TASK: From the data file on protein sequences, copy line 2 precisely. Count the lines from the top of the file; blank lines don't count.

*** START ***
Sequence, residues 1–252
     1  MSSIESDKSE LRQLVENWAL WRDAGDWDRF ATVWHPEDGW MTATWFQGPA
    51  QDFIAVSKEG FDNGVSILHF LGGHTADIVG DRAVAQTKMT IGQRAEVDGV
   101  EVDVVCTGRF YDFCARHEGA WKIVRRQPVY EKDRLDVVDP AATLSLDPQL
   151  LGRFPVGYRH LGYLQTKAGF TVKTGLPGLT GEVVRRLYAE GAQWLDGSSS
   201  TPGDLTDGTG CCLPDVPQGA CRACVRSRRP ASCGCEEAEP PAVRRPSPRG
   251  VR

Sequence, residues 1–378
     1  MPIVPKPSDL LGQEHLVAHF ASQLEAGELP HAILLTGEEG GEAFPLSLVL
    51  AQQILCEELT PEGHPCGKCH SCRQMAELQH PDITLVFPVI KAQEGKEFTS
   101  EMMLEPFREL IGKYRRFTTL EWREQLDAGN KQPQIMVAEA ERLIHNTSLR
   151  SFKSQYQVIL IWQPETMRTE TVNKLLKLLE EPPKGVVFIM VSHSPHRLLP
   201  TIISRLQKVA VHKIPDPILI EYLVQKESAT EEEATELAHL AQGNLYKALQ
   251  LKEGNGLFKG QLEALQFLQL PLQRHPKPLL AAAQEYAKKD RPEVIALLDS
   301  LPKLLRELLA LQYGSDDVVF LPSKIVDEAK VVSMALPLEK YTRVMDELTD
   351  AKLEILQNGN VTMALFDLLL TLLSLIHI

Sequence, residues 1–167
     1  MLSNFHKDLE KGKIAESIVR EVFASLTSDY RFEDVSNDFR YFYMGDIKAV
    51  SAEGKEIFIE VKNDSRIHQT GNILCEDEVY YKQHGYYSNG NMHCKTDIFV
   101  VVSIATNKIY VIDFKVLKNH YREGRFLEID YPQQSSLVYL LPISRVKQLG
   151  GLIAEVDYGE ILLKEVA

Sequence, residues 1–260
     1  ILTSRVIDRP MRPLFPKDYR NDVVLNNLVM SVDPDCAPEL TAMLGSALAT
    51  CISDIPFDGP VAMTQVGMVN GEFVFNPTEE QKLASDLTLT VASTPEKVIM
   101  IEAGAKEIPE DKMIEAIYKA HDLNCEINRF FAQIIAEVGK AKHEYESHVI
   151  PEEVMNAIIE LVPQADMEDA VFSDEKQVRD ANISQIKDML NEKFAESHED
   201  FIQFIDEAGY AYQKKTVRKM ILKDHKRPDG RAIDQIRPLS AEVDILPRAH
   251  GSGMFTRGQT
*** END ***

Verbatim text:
     1  MSSIESDKSE LRQLVENWAL WRDAGDWDRF ATVWHPEDGW MTATWFQGPA